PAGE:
Publication: The Sick Rose is one of the finest poems found in Songs of Experience. It was published in 1794.
Sequel to The Blossom: The Sick Rose is a sequel to The Blossom in Songs of Innocence. In the poem, The Blossom, innocence is celebrated through a picture of the life of Nature that consists of a blossom, a sparrow, a robin and green leaves. The Sick Rose exposes the process which corrupts the innocence portrayed in The Blossom.
Theme: The Sick Rose presents the dangerous consequence of repressed sexuality. Set in the fallen world of experience, the poem develops the theme of fall from a state of innocence. It shows how the secrecy and shame associated with the conventional morality of sexuality make love itself sick. Real love itself cannot destroy the life of the rose. It is the secrecy associated with love that destroys its innocence. Illicit love makes the rose sick. The worm is the traditional symbol of male sex. It undermines the rose.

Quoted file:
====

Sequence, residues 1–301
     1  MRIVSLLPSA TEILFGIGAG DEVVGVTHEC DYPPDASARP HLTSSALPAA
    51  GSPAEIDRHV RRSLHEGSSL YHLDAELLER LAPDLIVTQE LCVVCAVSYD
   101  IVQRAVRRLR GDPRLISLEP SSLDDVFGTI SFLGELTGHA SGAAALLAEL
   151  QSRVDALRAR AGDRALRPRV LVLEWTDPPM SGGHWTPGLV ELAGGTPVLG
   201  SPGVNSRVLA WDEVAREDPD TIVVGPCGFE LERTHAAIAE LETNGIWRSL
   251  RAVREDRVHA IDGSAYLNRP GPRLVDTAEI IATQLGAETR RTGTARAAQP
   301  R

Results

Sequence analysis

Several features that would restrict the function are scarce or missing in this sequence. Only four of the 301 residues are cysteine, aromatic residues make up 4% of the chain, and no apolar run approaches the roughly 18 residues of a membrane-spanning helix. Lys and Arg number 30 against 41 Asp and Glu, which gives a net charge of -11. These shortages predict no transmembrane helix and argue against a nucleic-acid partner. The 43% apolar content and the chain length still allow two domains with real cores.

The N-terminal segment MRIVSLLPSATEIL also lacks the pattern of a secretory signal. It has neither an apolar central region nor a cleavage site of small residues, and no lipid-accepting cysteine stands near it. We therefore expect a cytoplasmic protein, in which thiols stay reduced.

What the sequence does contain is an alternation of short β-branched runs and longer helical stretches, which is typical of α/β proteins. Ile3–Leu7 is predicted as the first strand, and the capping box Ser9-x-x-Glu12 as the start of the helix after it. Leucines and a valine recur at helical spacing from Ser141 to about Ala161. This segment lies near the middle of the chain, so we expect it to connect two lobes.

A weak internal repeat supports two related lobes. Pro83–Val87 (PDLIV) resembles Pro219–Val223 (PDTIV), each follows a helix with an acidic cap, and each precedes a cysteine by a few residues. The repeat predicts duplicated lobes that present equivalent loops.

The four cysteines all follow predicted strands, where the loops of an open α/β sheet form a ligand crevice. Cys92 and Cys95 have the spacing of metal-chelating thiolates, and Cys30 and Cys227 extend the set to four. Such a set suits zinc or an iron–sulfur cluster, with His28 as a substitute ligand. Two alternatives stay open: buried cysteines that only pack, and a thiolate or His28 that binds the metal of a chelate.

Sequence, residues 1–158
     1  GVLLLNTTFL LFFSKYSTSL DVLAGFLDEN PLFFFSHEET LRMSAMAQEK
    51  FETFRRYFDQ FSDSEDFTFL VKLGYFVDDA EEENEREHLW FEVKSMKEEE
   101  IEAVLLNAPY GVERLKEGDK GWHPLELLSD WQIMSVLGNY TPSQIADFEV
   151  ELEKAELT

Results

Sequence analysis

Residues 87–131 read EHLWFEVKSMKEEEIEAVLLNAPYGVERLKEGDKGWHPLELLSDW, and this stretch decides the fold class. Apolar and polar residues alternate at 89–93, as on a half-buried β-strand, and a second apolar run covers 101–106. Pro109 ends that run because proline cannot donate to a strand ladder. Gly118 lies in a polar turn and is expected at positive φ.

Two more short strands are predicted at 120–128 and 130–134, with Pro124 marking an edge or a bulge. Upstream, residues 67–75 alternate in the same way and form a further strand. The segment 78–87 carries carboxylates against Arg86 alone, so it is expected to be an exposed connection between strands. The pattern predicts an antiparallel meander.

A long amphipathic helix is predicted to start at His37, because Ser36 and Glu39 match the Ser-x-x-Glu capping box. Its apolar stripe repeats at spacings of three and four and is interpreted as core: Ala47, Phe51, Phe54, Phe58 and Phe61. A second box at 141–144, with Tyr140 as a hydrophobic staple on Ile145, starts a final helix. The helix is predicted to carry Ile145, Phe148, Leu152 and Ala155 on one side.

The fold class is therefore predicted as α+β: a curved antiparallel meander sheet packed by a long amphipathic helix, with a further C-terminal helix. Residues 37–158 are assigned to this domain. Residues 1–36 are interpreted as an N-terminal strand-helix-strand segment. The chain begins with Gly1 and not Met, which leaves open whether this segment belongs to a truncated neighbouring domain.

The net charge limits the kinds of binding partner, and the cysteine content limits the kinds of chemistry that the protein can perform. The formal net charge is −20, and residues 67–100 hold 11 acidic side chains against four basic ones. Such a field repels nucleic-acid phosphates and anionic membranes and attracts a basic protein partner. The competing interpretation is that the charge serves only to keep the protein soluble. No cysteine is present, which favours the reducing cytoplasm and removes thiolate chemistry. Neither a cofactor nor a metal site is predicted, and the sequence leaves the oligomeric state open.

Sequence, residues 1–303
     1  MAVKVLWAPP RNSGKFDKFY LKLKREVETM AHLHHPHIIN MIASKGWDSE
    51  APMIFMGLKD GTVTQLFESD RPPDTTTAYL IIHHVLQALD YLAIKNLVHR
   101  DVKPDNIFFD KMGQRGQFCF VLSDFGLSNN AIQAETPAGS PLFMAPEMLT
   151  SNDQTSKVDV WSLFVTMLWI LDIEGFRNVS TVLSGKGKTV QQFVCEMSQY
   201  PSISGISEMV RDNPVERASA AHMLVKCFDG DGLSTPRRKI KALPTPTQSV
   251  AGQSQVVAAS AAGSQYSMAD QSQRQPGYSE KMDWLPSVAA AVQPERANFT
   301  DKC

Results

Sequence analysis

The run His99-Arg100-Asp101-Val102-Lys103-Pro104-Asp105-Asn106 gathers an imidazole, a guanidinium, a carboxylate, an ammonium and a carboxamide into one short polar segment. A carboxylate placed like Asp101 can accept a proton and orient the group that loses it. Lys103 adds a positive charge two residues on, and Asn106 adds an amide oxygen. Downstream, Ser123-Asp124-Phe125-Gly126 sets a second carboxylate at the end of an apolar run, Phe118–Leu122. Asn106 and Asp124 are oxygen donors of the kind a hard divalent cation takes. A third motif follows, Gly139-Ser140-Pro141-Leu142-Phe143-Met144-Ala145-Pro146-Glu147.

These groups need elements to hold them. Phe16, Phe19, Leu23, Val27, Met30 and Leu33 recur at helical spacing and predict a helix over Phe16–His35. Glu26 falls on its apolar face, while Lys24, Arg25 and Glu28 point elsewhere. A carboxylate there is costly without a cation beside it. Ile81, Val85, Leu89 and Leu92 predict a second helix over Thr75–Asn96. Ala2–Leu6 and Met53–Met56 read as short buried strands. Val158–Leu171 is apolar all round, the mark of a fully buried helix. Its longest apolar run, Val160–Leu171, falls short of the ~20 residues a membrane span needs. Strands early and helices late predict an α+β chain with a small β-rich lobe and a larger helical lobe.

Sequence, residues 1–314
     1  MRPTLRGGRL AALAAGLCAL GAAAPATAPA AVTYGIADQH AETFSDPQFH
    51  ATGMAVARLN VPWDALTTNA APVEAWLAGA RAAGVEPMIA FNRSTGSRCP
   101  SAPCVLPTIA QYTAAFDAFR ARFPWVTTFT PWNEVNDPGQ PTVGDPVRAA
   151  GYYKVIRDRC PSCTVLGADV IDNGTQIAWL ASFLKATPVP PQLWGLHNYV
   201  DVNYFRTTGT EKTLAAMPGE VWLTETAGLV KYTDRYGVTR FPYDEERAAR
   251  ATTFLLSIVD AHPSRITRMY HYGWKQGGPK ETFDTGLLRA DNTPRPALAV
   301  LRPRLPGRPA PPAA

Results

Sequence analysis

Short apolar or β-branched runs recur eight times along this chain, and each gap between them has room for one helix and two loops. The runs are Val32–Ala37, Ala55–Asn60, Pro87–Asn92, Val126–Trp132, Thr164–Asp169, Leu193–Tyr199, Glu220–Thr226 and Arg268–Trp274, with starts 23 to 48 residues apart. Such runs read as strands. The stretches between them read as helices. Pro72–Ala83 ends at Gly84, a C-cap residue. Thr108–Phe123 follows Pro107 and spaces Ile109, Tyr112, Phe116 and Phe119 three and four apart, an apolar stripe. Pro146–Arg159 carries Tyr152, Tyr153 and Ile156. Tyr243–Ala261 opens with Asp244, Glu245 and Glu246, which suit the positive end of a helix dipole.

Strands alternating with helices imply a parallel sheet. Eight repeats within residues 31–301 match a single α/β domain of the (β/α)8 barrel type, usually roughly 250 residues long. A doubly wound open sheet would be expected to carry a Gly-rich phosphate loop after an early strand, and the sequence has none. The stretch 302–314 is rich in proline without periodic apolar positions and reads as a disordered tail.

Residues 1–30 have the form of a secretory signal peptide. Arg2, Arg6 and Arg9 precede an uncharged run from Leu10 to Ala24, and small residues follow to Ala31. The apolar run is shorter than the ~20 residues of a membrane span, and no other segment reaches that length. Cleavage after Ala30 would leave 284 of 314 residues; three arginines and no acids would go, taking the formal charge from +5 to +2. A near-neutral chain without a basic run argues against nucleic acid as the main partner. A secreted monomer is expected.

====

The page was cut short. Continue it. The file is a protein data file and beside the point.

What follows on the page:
Innocence and Experience: In Blake, innocence is the state of happiness of childhood. This state is protected by the Heavenly Father or God. A little lamb, a little child and Jesus symbolize innocence. Experience is the process that corrupts innocence. Experience destroys the state of childlike innocence.
Vision and Empathy: The poem is a fine example of Blake’s vision and empathy.